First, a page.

Being a founder, not to mention a CEO, can be a very lonely place, carrying loads of stress and required to constantly be at peak performance. This often makes it hard to find balance between one's professional and personal life. Maintaining strong relationships with the co-founders and investors, is also not an easy task, where clarity and empathy are not always present. As one of my entrepreneurs says: “It’s not the technological challenge we deal with, it’s the mental one”.
"Throughout my +15 years as a professional, I've always been attracted to the intersection of business and psychology through entrepreneurship - What makes people tick? How do people think and act? And what motivates people in business? What drives me is being there for the amazing entrepreneurs, who are under constant pressure, so that they can make our world a better place. That’s what I’m here for, and this is my podcast – The Human Founder."
Ep. 40 - Dr. Orna Berry, Director of Technology at Google Cloud CTO’s Office
Orna is a significant figure in the Israeli high-tech ecosystem - the first woman to serve as Chief Scientist and Head of the Industrial R&D operations for the Israeli Ministry of Industry, Trade and Labor. She was Vice President of Dell EMC & General Manager of Israel Center of Excellence and was an entrepreneur & business figure in Israeli companies like PrimeSense, Aladdin & Alvarion. Nowadays, she is the Director of Technology at Google Cloud CTO’s Office. The American technology magazine Red Herring ranked her as "one of the 25 most influential and important women in the world of technology for 2005".
Orna is the daughter of Yoash Tsiddon-Chatto, a former IAF pilot, and her mother was a nurse. She has 2 brothers; one is a professor of economics, while the other is a lawyer. Her family was always her source for strength, decency, and commitment, and they led her through her career to a meaningful contribution by creating diverse opportunities. Technology was always in their house.
Orna received MA and BA degrees in Statistics and Mathematics from Tel Aviv University and Haifa University, respectively. In 1980, she joined the University of Southern California (USC) in the United States and earned a Ph.D. in Computer Science in 1986.
After a career in several tech companies, in 1993 she co-founded ORNET - Data Communication Technologies, in Carmiel- she wanted to bring the business into the periphery of Israel. Already then, Orna wanted to recruit diverse employees & talents. Orna took part in growing the VC sector in Israel, and for her - it was always about creating great partnerships with great people and remaining curious.
“I’ll die from curiosity. I’m always trying new stuff. I couldn't foresee the technological developments of today. I couldn't imagine the market's development. And I could never envision myself leaving academia or that I would become a Chief Scientist.”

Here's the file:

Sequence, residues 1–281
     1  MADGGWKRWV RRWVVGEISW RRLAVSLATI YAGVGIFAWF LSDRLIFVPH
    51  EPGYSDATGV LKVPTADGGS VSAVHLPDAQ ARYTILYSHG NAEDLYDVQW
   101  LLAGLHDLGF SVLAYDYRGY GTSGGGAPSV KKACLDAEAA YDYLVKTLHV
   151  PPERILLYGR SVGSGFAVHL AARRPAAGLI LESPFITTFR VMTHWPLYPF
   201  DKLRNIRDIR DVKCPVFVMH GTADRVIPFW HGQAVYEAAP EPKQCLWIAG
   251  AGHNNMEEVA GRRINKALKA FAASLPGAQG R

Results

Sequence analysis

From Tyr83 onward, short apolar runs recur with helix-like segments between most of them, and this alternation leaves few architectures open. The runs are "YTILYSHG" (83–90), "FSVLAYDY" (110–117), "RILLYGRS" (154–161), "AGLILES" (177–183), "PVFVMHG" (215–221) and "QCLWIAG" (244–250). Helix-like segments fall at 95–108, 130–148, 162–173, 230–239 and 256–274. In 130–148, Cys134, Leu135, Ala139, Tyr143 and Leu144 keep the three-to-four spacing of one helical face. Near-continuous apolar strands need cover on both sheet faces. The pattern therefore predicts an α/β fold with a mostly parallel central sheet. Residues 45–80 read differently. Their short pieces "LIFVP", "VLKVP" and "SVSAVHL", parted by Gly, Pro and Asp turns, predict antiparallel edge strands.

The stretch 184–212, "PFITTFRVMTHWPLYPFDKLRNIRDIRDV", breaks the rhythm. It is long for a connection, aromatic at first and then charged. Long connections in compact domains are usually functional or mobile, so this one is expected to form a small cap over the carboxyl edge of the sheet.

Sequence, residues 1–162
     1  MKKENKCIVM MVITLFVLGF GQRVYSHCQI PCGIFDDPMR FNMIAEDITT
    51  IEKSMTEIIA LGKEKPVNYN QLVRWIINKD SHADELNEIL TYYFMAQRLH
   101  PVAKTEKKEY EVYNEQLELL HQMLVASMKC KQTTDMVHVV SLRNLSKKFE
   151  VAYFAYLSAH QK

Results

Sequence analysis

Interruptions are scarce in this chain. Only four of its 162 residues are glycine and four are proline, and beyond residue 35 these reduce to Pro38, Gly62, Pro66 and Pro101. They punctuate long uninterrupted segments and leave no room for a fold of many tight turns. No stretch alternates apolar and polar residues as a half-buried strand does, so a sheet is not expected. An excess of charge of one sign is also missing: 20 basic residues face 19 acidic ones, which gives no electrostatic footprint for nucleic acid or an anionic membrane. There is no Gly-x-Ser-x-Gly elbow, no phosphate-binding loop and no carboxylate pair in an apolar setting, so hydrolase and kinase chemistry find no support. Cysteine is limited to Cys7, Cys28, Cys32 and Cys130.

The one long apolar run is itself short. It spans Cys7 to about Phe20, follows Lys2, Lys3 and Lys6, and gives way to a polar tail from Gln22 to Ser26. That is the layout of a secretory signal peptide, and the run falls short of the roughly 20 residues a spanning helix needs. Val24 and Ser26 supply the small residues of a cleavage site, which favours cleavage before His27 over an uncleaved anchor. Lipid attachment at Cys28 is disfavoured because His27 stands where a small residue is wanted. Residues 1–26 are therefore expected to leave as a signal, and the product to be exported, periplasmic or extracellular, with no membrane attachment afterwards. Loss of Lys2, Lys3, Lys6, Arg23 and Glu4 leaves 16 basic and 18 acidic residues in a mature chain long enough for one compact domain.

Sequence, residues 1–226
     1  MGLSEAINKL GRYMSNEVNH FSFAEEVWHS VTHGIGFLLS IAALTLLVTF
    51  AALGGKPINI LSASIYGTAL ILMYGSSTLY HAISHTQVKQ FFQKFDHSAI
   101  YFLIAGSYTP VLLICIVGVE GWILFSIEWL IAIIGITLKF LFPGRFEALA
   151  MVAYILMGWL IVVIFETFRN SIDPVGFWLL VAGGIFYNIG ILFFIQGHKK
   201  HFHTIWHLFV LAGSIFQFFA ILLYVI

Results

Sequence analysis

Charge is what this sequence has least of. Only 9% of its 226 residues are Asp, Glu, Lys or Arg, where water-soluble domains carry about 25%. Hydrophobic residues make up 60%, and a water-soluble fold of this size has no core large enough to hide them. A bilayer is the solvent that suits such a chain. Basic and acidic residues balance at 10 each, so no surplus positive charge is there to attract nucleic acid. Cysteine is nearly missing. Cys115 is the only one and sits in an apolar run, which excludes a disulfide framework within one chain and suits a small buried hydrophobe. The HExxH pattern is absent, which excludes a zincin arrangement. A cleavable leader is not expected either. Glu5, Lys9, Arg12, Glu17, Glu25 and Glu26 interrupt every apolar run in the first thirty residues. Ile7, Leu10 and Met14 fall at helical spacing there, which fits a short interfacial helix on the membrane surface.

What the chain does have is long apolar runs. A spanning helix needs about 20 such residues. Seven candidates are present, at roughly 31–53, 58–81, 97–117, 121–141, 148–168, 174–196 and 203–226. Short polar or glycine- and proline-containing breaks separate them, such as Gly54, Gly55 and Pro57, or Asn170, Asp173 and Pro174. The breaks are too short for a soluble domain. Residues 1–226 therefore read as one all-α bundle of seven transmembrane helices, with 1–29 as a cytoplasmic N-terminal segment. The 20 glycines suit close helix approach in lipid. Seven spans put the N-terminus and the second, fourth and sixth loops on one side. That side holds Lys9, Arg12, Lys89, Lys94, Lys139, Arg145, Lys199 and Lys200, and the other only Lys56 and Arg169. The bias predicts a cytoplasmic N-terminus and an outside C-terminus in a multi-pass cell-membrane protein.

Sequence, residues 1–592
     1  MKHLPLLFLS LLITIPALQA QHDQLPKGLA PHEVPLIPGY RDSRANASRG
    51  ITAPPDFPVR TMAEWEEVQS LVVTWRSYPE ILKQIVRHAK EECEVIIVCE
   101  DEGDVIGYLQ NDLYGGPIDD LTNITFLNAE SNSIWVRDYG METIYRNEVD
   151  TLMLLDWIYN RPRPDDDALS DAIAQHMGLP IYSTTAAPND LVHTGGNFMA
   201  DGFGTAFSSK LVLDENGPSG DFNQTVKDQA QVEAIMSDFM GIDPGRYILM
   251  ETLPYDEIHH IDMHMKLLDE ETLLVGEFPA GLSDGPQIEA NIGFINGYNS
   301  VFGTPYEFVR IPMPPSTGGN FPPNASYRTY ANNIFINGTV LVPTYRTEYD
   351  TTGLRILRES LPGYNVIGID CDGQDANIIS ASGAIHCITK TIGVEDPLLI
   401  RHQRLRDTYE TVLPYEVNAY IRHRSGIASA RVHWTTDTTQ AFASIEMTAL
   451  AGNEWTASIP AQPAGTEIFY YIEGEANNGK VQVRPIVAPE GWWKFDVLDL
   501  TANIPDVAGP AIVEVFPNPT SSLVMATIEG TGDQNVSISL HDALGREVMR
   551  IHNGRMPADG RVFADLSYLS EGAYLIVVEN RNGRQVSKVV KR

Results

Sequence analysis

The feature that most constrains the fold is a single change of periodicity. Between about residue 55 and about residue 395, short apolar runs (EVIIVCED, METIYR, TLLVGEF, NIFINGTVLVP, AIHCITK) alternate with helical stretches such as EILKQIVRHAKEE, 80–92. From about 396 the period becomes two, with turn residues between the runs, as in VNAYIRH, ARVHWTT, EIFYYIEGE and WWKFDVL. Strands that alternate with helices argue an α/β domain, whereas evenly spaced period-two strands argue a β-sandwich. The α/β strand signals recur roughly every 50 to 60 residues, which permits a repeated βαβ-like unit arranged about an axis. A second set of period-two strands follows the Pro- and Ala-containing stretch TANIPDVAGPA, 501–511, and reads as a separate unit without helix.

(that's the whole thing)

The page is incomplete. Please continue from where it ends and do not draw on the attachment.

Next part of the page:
Orna sold Ornet to Siemens in 1995.
They approached her to become Chief Scientist twice and she said no - then they pulled the Zionism card, and it worked. She got divorced that year, getting out of a domestically abusive relationship. She asked her children for their opinion, and her daughter Yael said: “In this house, everyone does what they want”. And that paved the way for personal and professional change. With her children, the rules were part of the “enablement game” - allowing each other to grow and develop through a strong partnership - as they are in it together.
Orna remembers she took a day off to celebrate her daughter’s birthday, but then there was an emergency call from Sheba hospital’s CEO - Zeev Rotstein. So, she brought her daughter with her, and it ended in forming new initiatives for Rambam & Sheba.
She then spent 10 years at Gemini VC working with outstanding people. She learned she only loves working with people who want to work with her and accept who she is.
On her recent 72nd birthday, her son, Amit, expressed to her: “You never try to please anyone”. That is a meaningful reflection that has led Orna throughout her career. She always believed equality comes from people who work shoulder to shoulder.
She made another change - on her second day of being 61 she went on to lead the EMC excellence center in Israel; A couple of months ago, she stepped into her new position at Google Cloud.
It was 2016 when she discovered she had cancer, and it was a “death sign on the wall”. She understood she’s going to face a difficult time and many struggles. Her HMO did not want to approve the drug she needed, and later - although they say “their patients are their central concern '' - it didn’t seem to feel that way. As a scientist, she understands how crucial it is to make the data accessible and draw a holistic view of the patient. For every struggle she wins, she tries to teach other groups her tricks, so that they can help others.
When I asked her what “would the mature Orna say to the young one?” - she smiled, thought of her teenage grandchildren, and said: “focus on your capabilities, desires and in each step also think of the society to create a greater good”.